While the study did not show a clear statistical association between service dog ownership and improvements in specific psychosocial factors, it did show that the people who had service dogs had markedly better overall psychosocial health and improved quality of life. They were healthier emotionally and socially, and they performed better at either work or school, depending on their ages.
Overcoming Psychological Challenges
Service dogs can help their recipients combat many psychological challenges such as depression, anxiety, stress, and anger by promoting a greater sense of independence among their recipients. For some recipients, service dogs provide a newfound sense of purpose and drive the desire for self-improvement. Instead of grieving their loss of independence, service dogs can help their recipients realize that they are capable of more than they think.
Service dogs bring non-judgmental companionship into their recipients’ lives, which is often one of the major catalysts to the psychological improvements. They offer a calming presence while bringing individuals much-needed routine and responsibility.
Reducing Social Hurdles
Individuals living with ambulatory disabilities may experience limitations at home, school, work, and other places due to their inability to function in the same ways as their peers. The benefits of service dogs can extend into these individuals’ social lives by giving them freedom and autonomy. As a result, people living with disabilities feel more independent and less burdensome.
Service dogs offer companionship, which can drive individuals’ desire for social interaction. Service dog ownership even serves as a conversation starter by giving the recipient common ground with their peers. Because service dogs require care, such as feeding and grooming, they can help people with disabilities rediscover their capabilities and grow more confident.
How You Can Help Provide the Benefits from Owning a Service Dog to People with Ambulatory Disabilities
Service dog ownership is not right for everyone, but for many people living with ambulatory disabilities, it can lead to markedly improved quality of life. A pilot study published in Health and Quality of Life Outcomes in 2017 found that service dog ownership led to numerous benefits – both general and specific – among individuals with disabilities.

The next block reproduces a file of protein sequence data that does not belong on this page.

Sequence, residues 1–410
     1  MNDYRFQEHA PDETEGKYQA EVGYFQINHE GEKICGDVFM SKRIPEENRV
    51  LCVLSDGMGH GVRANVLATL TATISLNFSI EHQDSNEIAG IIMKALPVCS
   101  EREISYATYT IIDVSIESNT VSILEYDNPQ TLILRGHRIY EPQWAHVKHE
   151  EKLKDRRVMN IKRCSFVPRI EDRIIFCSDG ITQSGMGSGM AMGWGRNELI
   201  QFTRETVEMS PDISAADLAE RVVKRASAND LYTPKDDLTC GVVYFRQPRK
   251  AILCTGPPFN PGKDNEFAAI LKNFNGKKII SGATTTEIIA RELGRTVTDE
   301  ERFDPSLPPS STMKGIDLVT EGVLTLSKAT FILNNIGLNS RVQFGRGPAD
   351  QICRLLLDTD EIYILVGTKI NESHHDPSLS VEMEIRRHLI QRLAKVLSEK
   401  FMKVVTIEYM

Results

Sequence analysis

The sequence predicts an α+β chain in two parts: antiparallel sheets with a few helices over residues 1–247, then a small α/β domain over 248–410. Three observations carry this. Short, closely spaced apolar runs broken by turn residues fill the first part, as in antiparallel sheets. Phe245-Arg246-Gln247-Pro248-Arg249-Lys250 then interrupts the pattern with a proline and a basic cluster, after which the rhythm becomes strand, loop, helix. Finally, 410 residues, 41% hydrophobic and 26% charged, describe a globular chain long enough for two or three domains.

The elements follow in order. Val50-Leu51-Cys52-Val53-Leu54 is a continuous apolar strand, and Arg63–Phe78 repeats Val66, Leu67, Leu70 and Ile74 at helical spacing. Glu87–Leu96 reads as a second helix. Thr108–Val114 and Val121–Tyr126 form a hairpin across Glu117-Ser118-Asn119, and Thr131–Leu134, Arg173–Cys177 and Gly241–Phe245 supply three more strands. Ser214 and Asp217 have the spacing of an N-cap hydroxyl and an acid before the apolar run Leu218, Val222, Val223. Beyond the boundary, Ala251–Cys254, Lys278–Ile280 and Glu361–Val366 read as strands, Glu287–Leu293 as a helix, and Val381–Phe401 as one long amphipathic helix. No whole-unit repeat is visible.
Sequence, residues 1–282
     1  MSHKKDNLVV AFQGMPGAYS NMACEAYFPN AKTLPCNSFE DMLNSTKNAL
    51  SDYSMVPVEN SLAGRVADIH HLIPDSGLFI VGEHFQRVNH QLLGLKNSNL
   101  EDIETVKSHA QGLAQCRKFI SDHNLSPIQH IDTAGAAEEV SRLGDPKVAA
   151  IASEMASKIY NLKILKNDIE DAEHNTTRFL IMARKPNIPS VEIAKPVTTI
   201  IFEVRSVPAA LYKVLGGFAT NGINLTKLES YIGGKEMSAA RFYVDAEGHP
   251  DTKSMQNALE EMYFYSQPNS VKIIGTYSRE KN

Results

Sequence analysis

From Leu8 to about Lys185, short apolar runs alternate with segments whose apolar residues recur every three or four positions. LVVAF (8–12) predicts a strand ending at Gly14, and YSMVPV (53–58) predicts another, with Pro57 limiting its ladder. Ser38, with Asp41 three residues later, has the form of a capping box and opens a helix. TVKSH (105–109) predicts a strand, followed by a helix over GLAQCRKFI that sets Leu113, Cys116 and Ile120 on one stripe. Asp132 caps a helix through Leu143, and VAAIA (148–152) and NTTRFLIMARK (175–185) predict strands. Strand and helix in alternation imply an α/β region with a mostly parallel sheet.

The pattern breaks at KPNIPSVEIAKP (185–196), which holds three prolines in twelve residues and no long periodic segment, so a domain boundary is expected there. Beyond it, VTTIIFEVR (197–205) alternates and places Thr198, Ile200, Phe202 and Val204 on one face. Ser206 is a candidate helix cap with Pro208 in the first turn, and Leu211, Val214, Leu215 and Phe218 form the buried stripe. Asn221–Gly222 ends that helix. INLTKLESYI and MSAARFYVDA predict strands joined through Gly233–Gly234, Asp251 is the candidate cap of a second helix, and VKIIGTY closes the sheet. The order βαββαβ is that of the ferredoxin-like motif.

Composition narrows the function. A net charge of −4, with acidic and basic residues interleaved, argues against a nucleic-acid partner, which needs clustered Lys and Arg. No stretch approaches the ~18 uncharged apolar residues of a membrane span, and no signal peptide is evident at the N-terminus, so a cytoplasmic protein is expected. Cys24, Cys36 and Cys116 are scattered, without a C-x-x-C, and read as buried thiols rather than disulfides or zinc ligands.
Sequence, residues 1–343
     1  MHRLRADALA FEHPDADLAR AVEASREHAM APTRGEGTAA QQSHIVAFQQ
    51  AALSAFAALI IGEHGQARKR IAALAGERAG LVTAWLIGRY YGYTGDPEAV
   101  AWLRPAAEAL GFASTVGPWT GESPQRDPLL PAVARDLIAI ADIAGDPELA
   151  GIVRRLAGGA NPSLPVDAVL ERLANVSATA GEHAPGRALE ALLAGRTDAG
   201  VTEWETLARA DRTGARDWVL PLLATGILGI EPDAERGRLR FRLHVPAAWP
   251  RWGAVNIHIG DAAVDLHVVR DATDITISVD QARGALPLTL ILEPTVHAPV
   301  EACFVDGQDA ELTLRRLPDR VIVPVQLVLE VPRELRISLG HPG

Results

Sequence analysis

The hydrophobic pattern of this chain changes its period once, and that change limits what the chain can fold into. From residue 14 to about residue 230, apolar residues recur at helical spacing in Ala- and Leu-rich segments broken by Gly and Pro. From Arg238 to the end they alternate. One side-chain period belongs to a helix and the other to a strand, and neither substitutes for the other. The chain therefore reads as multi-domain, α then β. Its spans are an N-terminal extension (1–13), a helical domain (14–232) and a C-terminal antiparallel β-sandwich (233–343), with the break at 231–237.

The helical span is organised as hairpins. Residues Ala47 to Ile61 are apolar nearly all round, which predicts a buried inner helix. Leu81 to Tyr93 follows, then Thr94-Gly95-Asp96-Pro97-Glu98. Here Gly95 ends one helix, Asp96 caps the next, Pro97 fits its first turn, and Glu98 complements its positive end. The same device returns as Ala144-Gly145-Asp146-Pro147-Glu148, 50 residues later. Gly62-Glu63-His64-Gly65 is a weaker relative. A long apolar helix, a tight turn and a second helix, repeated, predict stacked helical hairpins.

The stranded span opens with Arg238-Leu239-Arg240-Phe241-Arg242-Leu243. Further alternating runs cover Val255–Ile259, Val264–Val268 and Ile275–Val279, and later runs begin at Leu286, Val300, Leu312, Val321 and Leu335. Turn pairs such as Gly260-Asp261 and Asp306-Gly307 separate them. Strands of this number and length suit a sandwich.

Putnam Service Dogs helps individuals living with ambulatory disabilities regain their confidence, independence, and quality of life by providing free service dogs to people who have physical disabilities other than blindness. We pursue excellence and compassion in everything we do.
With your support, we can continue to share the benefits of service dogs with people experiencing psychosocial challenges due to their ambulatory disabilities. To learn more about our mission, or to find out how you can get involved, visit our website today.
- American Psychiatric Association, Service Dogs Can Be Invaluable in Helping People with PTSD
- British Red Cross, Action on Loneliness
- Centers for Disease Control and Prevention, Disability Barriers to Inclusion
- Centers for Disease Control and Prevention, Disability Impacts All of Us
- Centers for Disease Control and Prevention, Mental Health for All
- Disability and Rehabilitation, The Effects of Service Dogs on Psychosocial Health and Wellbeing for Individuals with Physical Disabilities or Chronic Conditions
- DisablityCompendium.org, Annual Report on People with Disabilities in America: 2023
- Health and Quality of Life Outcomes, A Survey of the Impact of Owning a Service Dog on Quality of Life for Individuals with Physical and Hearing Disability: A Pilot Study
- International Journal of Environmental Research and Public Health, Psychological Quality of Life in People with Physical Disability: The Effect of Internalized Stigma, Collective Action, and Resilience
- PLOS One, The Effects of Assistance Dogs on Psychosocial Health and Wellbeing: A Systematic Literature Review
- Psychology Today, Service Dogs May Improve Your Mental Health